- Single Responsibility Principle
- Open-Closed Principle
- Liskov Substitution Principle
- Interface Segregation Principle
- Dependency Inversion Principle
SOLID used to be a cornerstone of my design toolbox. I used to strive to make my code SOLID. I used to teach others to do the same.
Today, SOLID remains important, but I don't strive to make my code SOLID. I rarely mention it when talking about design. And I definitely don't teach it to developers eager to learn good design techniques. It doesn't come with me in my toolbox. It stays in a dusty box up in the attic. I keep it because it is important, but I access it rarely.
SOLID causes problems. Problems big enough that warrant stowing it away in the attic. When I used to champion SOLID, those who resisted would point to these problems. I would dismiss these people as naysayers, resistant to change, or disinterested in code quality. But now I've learned that they were right all along.
If I could use one word to represent these problems, it would be unintelligible. Developers (myself included) applying SOLID frequently produce codebases that are unintelligible. These SOLID codebases have low coupling. And they are testable. But they are unintelligible. And often not as adaptable as the developers had hoped.
The main culprit is SOLID's focus on dependencies. Open/Closed, Interface Segregation, and Dependency Inversion each encourage heavy use of dependencies defined as abstractions (i.e. a C#/Java interface or Abstract Class). Open/Closed encourages abstractions for easy extensibility. Interface Segregation encourages more client-defined abstractions. Dependency Inversion says to depend on abstractions instead of concretions.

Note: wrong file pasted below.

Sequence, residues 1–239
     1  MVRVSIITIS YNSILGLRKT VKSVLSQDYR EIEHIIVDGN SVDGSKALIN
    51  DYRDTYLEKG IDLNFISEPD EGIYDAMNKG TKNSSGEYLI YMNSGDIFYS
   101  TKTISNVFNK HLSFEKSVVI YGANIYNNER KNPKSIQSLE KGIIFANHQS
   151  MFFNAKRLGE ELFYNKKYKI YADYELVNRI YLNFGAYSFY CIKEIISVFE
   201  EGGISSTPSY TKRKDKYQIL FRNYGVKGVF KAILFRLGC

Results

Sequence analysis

These all lead developers to create interfaces everywhere. They litter the codebase with interfaces like IFooer, IDoer, IMooer, and IPooer. Navigating it becomes a nightmare. You rarely know by inspection what piece of code is actually going to run. But it's ok. Because it's SOLID. It's great design!
To help manage the madness, we then introduce an IoC container. And a mocking framework for our tests. If it was intelligible before, now it's really not intelligible. You now literally can't find a call to 'new' anywhere in the code. Good luck reasoning about any piece of code now. But it's ok. Because it's SOLID. It's great design!
Is it great design if it's unintelligible? Is it great design if a developer can't easily reason about it? I don't think so. SOLID is helpful and important. But I don't think developers handle it well. Which is why I don't teach SOLID anymore.
Stay tuned for how to achieve what you're trying to gain with SOLID without the legibility baggage.
UPDATE: You can find the next part here.